Addcounsel recognises how challenging it is to get clean, navigate through intense cravings during a withdrawal period, and take on new recovery commitments and habits that may seem unappealing at this stage. We understand that committing to long-term recovery can be a daunting prospect, particularly when the stresses and challenges of everyday life and work feel insurmountable.

Relapse in early recovery

Many alcoholics and drug addicts will relapse within the first year of attempted abstinence. The chances of a relapse are considerably lower after the first year and even less likely after five years of continuous abstinence. Rates vary, but the consensus among health professionals worldwide is that 40% to 60% of individuals first attempting to recover from alcoholism and drug addiction will relapse.

WebMD states: “Addiction is a long-term condition, like asthma, diabetes, or high blood pressure. Of course, the goal is to stop using drugs or alcohol completely and not relapse. But when you see your addiction as a chronic disease, you can also look at relapse from that perspective.”

The author continues: “About 40% to 60% of people who get treatment for substance use disorder have a relapse. That’s about the same as relapse rates among people with asthma or high blood pressure if they stop taking their medicine. What’s key is to recognise the early signs of relapse, so you can stop a backslide before it starts.”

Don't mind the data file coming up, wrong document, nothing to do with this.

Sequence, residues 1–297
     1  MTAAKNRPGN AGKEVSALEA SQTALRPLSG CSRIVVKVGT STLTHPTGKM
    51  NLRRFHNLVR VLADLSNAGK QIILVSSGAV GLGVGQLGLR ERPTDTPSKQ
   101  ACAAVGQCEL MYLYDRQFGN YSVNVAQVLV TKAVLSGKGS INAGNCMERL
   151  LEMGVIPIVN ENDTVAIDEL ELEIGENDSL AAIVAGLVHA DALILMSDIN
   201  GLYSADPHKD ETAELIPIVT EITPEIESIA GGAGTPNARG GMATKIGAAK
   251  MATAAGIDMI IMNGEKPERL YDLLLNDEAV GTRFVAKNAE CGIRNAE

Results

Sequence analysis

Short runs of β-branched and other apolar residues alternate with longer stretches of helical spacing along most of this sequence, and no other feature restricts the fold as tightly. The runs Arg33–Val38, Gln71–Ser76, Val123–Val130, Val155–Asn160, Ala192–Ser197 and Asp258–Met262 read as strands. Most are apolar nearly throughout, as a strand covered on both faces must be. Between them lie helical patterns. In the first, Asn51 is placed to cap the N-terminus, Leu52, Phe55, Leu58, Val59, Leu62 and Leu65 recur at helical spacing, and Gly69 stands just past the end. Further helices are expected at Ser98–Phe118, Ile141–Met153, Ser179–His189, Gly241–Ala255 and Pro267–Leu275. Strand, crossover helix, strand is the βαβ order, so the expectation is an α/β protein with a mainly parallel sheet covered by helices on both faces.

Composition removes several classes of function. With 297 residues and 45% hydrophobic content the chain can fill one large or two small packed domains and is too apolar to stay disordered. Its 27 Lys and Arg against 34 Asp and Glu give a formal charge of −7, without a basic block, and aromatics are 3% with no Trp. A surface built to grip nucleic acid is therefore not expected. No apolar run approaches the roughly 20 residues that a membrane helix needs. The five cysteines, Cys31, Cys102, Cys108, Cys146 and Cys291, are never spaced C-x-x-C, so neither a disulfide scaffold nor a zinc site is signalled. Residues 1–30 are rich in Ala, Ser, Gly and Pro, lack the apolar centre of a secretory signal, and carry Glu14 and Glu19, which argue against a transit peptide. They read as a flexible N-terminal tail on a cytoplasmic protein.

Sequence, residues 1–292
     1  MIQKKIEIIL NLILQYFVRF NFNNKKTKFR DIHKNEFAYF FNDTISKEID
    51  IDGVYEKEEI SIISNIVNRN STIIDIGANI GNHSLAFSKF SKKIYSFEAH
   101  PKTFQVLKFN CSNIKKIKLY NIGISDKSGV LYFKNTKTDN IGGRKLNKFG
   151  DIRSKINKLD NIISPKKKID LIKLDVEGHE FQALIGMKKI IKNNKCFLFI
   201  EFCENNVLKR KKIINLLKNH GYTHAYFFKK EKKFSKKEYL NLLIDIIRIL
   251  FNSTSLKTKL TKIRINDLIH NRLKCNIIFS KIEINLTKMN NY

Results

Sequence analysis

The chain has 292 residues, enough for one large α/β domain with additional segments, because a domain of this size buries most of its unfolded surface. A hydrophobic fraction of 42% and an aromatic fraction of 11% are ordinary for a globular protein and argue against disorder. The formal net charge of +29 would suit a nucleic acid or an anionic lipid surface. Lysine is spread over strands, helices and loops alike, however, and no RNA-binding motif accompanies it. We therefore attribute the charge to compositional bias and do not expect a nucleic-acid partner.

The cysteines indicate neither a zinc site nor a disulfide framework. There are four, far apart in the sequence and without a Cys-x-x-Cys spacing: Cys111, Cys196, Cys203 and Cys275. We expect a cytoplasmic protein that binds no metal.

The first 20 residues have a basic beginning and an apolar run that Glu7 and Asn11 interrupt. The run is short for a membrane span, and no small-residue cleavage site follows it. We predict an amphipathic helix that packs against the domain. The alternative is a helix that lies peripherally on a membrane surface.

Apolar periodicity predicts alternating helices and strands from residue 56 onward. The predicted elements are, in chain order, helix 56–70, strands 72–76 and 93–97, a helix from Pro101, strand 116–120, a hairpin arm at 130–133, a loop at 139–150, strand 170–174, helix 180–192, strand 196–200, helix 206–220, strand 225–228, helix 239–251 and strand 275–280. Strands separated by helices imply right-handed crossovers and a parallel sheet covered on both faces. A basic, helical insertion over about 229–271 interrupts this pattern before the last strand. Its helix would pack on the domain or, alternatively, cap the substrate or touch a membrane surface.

A relapse is seeded in the individual’s thinking patterns, sometimes days and weeks before actually ingesting alcohol and/or powerful mood-altering drugs. There’s usually an element of denial around the consequences of a relapse—minimising and reminiscing over old times spent drinking and using, often associated with happier times. Keeping such dangerous thoughts to oneself (isolation) is unwise. The secrecy and feelings of anticipation can in themselves produce a strong dopamine release. The harsh truth is, when an individual succumbs to an alcohol or drug spree, and consequently has a full-blown relapse, the reality rarely matches up to the fantasy.

The reason an individual will likely seek treatment for drugs or alcohol use disorder is that they’ve endured many failed attempts to manage their illness themselves, with ever worsening consequences. They’re effectively seeking a relapse prevention programme while in treatment.  Needless to say, the motivation for some to go into treatment will be purely to placate a spouse/family member, a judge, or their shareholders. This rarely leads to a successful outcome.

Addcounsel has identified some of the reasons why people relapse post-treatment:

  • Failure to follow through on a recovery programme after checking out of treatment
  • Neglecting to implement an aftercare package or not having one in place post-treatment
  • Socialising with individuals who regularly use illegal mood-altering recreationally
  • Staying in contact with a drug dealer (allowing access by keeping their numbers)
  • Not engaging in recovery support structures such as a weekly support group
  • Not making the necessary adjustments to allow recovery to progress post-treatment
  • Checking out of a treatment clinic prematurely
  • Isolating oneself from a recovery support system